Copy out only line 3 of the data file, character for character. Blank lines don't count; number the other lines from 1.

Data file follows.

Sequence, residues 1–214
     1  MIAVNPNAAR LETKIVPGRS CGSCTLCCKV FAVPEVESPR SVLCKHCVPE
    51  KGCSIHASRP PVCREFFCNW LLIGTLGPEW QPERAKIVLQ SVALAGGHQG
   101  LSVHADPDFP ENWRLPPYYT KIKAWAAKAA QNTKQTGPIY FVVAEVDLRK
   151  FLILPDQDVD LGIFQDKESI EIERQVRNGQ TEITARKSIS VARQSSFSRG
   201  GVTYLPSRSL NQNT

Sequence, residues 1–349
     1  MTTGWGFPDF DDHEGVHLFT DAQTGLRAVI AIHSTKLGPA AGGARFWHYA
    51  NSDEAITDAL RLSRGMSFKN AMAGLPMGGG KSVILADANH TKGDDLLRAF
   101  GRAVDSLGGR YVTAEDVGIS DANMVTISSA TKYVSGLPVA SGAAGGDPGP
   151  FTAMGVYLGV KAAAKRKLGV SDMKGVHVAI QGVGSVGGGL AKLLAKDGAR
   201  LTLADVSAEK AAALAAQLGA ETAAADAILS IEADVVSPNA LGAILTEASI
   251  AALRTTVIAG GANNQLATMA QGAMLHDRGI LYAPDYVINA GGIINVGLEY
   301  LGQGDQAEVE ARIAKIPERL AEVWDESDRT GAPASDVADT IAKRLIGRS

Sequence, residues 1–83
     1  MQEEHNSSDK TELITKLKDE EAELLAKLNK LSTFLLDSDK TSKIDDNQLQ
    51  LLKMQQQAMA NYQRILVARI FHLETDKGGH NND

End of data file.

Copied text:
    51  KGCSIHASRP PVCREFFCNW LLIGTLGPEW QPERAKIVLQ SVALAGGHQG